Last year was burdened with carbon dioxide (CO2) shortages brought on by the Covid pandemic and resulting impact on the US economy, causing ethanol CO2 sources to be temporarily idled or closed. In addition, regional variations affected the West and East coasts more. This situation was well managed by the suppliers early on who have learned to become nimbler over the last 12 months. This was evidenced by the recent winter storms in the US Southwest that were well managed and only impacted supply for three to four days. Diversity of sourcing to protect the infrastructure has caused some suppliers to consider branching out more into alternative fuel feedstock for CO2 production plants.
According to Brad Jones, Director of Business Development, CO2 Division, Poet Ethanol Products, “During the pandemic demand for CO2 was curtailed longer than the supply was interrupted. In the beginning, plants were running at shuttered rates. The process brought to light that the CO2 industry has the ability to meet the market challenges and in the process were able to highlight our ability to react rapidly to changing market conditions.”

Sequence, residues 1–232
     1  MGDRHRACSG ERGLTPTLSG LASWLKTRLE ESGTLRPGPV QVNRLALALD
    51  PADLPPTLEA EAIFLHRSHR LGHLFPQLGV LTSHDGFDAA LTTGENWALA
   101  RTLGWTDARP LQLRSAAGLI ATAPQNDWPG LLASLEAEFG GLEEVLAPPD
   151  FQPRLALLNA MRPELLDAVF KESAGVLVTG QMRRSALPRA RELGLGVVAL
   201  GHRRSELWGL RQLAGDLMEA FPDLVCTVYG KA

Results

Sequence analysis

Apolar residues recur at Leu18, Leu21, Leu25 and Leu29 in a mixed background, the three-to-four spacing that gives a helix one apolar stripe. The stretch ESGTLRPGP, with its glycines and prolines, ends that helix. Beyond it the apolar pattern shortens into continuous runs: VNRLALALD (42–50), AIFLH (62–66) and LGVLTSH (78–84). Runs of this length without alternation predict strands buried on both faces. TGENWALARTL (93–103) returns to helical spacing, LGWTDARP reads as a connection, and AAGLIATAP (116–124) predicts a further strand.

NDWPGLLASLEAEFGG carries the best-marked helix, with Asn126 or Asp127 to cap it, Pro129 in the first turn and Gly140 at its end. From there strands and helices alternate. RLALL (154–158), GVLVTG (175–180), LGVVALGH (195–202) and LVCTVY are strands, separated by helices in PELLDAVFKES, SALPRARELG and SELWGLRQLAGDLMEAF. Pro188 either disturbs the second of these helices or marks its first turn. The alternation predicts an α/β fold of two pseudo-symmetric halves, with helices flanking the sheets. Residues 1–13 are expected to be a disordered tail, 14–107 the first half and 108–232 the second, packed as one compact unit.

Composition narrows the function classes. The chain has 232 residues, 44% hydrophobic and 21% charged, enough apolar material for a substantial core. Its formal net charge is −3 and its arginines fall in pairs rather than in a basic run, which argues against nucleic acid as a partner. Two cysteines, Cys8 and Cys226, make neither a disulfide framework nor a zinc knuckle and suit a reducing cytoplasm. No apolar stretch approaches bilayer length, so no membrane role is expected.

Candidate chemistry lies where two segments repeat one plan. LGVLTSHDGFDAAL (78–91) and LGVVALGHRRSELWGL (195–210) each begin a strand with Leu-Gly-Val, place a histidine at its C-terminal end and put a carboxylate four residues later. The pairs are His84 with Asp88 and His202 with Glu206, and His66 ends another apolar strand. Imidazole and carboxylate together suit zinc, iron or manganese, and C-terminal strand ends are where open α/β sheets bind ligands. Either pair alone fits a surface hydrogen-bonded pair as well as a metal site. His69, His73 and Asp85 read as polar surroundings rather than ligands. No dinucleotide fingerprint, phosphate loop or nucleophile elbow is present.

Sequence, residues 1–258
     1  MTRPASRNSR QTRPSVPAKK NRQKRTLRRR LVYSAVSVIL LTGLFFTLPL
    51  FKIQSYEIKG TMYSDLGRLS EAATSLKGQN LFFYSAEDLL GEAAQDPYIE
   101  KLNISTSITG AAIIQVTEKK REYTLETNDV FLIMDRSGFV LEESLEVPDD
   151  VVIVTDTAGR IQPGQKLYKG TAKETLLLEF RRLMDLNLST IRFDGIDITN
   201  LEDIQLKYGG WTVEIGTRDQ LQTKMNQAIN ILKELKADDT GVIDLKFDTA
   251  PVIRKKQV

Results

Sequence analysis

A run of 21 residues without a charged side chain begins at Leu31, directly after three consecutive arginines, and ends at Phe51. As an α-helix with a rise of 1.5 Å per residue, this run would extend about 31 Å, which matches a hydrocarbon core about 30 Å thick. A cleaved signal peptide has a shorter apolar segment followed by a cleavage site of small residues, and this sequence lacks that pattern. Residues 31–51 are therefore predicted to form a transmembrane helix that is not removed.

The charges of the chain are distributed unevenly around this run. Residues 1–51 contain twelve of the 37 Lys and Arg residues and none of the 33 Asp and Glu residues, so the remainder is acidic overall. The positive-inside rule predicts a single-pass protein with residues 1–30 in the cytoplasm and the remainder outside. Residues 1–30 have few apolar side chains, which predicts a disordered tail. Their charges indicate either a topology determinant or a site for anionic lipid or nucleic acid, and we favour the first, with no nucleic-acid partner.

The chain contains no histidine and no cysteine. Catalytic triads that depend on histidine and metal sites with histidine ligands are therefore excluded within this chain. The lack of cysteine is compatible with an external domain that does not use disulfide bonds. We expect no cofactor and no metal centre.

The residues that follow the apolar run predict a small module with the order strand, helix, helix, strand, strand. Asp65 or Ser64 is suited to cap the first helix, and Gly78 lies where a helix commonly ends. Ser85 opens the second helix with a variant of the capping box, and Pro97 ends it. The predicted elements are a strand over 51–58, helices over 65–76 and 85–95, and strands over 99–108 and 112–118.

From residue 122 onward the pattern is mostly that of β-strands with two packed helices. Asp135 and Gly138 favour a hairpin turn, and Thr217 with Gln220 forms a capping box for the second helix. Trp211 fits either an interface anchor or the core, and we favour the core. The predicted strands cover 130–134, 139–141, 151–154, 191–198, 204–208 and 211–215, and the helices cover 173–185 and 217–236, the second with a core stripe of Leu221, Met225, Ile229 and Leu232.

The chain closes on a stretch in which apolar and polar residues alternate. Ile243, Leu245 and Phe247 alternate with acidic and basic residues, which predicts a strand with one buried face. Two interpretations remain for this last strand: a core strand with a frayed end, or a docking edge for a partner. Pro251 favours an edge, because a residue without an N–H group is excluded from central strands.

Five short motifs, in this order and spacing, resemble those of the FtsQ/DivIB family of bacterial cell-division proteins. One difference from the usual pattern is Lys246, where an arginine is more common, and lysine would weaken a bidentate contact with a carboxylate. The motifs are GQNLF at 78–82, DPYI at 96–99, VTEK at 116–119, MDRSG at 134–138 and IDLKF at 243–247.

One new CO2 plant came onstream in 2020 while three new or expanded CO2 source plants came onstream in 2019. Only one new CO2 plant is known to be coming onstream in 2022, however, there are a number of new projects being planned or considered over the next five years. This slow annual capacity growth, whether due to conditions at CO2 sourcing plants or lack of new feedstock sources, is not keeping pace with projected stronger market demand. Within the US merchant CO2 market, changes in CO2 sources and changes in demand regionally, will continue to reshape the business over the next five years as they have over the past decade. The CO2 business is comprised of industrial gas companies and specialized CO2 producers and distributors which supply merchant liquid and dry ice to a wide variety of CO2 markets including food, welding and cutting, and oil and gas. US merchant CO2 represents about $1.5 billion in sales per year.
... to continue reading you must be subscribed